Attorney General Laxalt Closes Budget Returning Nearly $32 Million to State General Fund Since Inauguration

August 27, 2018

Carson City, NV – Nevada Attorney General Adam Paul Laxalt announced that his office closed its budgets for the fiscal year ending on June 30th. This year, the budgets were closed with a significant surplus, reverting nearly $2 million in settlements and appropriations to the general fund.

    “Increasing services to and protecting Nevada’s most vulnerable populations has been a focus of mine since day one,” said Laxalt. “By maximizing efficiency, I am once again poised to return real money back to Nevada’s Legislature, where it can be reallocated to priority areas like mental health, sexual assault kit prosecutions, and school safety.”

      Since January 2015, AG Laxalt has returned nearly $32 million to the general fund, an amount equal to 94% of two full years of general fund salaries and operating expenses that are appropriated for the Office of the Nevada Attorney General’s services by the Legislature. The $32 million dollar reversion is based on a return of $26.1 million settlements and $5.44 million in salary and operating efficiencies.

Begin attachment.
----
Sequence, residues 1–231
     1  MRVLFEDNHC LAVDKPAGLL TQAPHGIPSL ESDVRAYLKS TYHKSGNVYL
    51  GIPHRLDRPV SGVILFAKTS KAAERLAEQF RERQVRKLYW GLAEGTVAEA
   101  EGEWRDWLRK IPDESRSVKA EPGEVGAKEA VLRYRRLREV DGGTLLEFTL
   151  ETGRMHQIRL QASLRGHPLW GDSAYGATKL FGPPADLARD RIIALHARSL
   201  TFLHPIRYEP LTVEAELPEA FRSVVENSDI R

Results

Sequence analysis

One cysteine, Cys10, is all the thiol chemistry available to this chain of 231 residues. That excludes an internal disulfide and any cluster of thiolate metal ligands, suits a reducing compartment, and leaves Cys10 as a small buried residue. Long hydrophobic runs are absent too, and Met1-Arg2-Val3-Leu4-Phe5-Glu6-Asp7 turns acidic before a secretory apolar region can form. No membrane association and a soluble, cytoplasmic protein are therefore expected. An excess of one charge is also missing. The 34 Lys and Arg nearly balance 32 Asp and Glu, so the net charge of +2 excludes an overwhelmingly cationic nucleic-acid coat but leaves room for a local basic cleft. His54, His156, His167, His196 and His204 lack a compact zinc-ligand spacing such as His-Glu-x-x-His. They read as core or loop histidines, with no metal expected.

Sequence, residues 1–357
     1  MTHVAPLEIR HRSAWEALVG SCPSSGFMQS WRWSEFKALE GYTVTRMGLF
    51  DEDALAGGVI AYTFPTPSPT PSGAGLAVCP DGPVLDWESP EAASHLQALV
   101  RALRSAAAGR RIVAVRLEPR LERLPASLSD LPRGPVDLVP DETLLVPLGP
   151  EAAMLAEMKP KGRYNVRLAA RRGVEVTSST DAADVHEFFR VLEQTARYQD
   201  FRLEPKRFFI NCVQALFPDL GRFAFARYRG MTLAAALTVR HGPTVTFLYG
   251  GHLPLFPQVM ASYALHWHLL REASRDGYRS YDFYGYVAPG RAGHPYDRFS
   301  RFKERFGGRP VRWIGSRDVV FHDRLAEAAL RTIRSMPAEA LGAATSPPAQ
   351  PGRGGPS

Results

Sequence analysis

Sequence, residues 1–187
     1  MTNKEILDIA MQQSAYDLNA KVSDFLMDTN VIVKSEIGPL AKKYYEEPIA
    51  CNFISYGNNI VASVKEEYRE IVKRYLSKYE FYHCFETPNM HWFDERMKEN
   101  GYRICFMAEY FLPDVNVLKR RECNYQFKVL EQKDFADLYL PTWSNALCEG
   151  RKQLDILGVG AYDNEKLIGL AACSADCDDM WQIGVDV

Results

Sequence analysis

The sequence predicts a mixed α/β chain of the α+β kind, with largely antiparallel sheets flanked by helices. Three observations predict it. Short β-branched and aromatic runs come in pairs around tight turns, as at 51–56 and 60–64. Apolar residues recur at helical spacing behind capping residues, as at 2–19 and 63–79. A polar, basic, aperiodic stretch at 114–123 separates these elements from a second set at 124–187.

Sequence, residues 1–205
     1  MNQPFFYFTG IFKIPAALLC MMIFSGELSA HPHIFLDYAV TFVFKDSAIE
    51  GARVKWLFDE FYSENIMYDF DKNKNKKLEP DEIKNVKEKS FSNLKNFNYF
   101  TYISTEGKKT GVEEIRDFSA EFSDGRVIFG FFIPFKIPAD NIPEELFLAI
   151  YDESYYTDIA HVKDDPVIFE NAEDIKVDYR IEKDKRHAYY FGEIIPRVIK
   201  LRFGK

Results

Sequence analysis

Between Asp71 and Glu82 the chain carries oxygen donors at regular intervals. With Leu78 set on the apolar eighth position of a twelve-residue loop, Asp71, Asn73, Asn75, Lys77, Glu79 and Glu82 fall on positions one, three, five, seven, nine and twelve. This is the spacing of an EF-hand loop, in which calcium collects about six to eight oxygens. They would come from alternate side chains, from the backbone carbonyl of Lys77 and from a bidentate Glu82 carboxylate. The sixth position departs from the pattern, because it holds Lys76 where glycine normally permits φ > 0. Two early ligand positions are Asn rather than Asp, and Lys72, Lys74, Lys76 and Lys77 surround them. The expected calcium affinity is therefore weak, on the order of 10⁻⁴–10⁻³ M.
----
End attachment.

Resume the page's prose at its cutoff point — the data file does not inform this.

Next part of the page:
Each legislative session, AG Laxalt has proposed efficiency reductions to his budget. In 2015, he proposed a 7% reduction to the overall general fund budget. In addition to proposing reductions and successfully reducing his budget each year, AG Laxalt ended each fiscal year with a surplus, saving 15.7 percent, 17 percent, 11 percent in fiscal years 2016, 2017 and 2018 respectively.

          AG Laxalt accomplished these budgetary efficiencies after a 2015 legislatively approved office reorganization. By this internal reform, the Office of Attorney General saved taxpayer dollars while making the office faster and more responsive. Among other new or expanded services, the office created the first-of-its-kind Office of Military Legal Assistance that has served more than 3,000 Nevada service members; the office initiated a working group to reduce Nevada’s decades-in-the-making sexual assault kit backlog and has led the charge to send more than 83 percent of the kits for testing; the office used non-taxpayer dollars to start a Financial Fraud and Guardianship Abuse Unit; and the office established the State’s “Prescription for Addiction” opioid program. Moreover, the Office of the Nevada Attorney General reduced Nevada’s contingent litigation liabilities by more than two-thirds, or $500 million.